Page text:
Stephanie Bruzzese
2 min read
(3/22/02; updated 6/18/02)

Editors' note: After announcing the GR series, Sony put it on hiatus. To see a review of a desktop replacement notebook similar to the one detailed in this First Take, go to the review.

Sony's new VAIO PCG-GR390 is a laptop fit for Dr. Jekyll and Mr. Hyde. This desktop replacement's design is at once plain and cutting-edge, lacking many of today's standard usability frills such as quick-launch buttons, while including Sony's unique scroll wheel and Memory Stick slot. The system's spec list, however, reads like a royal pedigree.

""="">""="">Flashy specs; basic design
The VAIO PCG-GR390's features are flashier than its sober dressing would suggest. Spec highlights include a big, 15.1-inch, active-matrix screen; a modular DVD/CD-RW drive; an IEEE 1394 port; a 1.2GHz mobile Pentium III-M processor; a whopping 512MB of memory; and a speedy 16MB ATI Mobility Radeon graphics chip. We expect the latter trio to make an impressive showing in CNET Labs' upcoming benchmarks. The system's fairly sizable lithium-ion battery should also fare well in our Labs' battery-drain tests.

Sony went with a less-is-more approach when designing the VAIO PCG-GR390's 1.5-by-12.8-by-10.6-inch chassis. Open the system's lid, and you're greeted by a pretty basic layout consisting of a keyboard, a touchpad, and two mouse buttons. But Sony has thrown a couple of interesting curves into the mix. Beneath the mouse buttons sits a scroll wheel that you use to roll up and down through an onscreen program menu; once you land on the app you want, press the scroll wheel once to launch the program. The wheel also lets you scroll through commands in each app. A Back button next to the wheel adds to the convenience by taking you back a step in your commands each time you press it.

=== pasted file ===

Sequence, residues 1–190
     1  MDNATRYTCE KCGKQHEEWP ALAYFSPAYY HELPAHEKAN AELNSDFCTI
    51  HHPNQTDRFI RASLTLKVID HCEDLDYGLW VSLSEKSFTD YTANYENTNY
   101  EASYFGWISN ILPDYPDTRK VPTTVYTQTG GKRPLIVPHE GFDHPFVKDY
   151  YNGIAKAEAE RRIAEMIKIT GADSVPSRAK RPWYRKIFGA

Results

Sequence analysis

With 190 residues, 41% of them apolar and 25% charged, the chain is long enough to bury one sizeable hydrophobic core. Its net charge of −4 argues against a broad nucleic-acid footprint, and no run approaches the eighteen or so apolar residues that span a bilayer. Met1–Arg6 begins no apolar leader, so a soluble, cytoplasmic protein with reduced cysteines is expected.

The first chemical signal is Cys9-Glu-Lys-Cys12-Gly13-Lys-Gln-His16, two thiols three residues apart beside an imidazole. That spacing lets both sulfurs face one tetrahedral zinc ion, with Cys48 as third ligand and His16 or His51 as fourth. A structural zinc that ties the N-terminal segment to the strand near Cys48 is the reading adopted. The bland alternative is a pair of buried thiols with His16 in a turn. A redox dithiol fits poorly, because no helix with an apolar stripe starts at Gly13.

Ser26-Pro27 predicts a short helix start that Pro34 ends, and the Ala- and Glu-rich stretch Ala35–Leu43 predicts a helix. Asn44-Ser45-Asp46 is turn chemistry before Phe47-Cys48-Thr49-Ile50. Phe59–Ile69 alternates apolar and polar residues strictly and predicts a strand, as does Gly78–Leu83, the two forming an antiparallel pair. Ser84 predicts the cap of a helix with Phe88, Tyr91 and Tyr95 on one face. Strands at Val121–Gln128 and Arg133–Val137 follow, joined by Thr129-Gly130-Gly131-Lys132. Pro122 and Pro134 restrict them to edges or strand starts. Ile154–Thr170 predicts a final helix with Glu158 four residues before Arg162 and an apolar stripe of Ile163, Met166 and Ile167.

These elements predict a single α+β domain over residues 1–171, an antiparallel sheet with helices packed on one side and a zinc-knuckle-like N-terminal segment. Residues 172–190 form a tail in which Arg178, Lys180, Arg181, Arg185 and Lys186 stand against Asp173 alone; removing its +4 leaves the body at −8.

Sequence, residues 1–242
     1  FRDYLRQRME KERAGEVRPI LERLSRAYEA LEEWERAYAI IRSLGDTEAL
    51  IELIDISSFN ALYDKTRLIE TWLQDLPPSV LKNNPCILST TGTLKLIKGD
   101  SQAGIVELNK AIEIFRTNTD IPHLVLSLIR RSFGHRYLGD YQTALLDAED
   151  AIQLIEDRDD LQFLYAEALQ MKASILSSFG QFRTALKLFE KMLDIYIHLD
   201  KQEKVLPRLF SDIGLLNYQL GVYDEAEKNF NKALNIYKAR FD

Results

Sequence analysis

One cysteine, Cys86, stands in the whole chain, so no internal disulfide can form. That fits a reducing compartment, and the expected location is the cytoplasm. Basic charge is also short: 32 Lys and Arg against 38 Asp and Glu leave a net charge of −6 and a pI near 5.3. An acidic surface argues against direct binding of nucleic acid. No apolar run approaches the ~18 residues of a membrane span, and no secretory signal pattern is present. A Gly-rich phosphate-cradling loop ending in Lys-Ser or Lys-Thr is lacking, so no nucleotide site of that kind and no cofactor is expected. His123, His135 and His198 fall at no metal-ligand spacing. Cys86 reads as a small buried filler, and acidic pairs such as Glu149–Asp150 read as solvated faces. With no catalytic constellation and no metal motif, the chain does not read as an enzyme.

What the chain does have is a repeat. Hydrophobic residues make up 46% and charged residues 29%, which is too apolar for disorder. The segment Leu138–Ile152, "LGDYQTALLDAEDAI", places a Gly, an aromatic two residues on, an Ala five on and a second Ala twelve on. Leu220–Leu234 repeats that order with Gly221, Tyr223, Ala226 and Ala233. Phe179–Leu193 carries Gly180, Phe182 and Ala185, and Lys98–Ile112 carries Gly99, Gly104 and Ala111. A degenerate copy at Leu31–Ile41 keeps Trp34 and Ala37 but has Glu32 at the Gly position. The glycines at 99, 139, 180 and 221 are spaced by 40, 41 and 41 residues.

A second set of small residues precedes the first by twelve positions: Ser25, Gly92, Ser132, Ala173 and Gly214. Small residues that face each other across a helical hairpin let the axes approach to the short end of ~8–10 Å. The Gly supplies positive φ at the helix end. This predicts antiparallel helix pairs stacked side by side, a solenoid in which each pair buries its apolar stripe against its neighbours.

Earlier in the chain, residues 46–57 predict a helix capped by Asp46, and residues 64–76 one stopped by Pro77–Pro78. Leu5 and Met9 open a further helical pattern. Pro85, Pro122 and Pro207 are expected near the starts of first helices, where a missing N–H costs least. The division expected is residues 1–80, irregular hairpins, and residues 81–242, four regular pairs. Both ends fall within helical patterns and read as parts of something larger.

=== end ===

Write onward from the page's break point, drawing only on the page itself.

""="">""="">Spotlight on multimedia
Sony has outfitted the VAIO PCG-GR390 pretty well for multimedia use. The system ships with several respectable audio and video apps, including SonicStage and DV Gate Motion. It also includes a surprisingly sharp-sounding pair of speakers. For multimedia paradise, however, a system such as the PCG-GR390 should also have a hardware volume control and dedicated CD buttons.

The VAIO PCG-GR390 is off to an overall solid start, but a trip through CNET Labs will reveal this notebook's true colors. Check back in the coming weeks for our full review and find out whether the system retains its sure footing.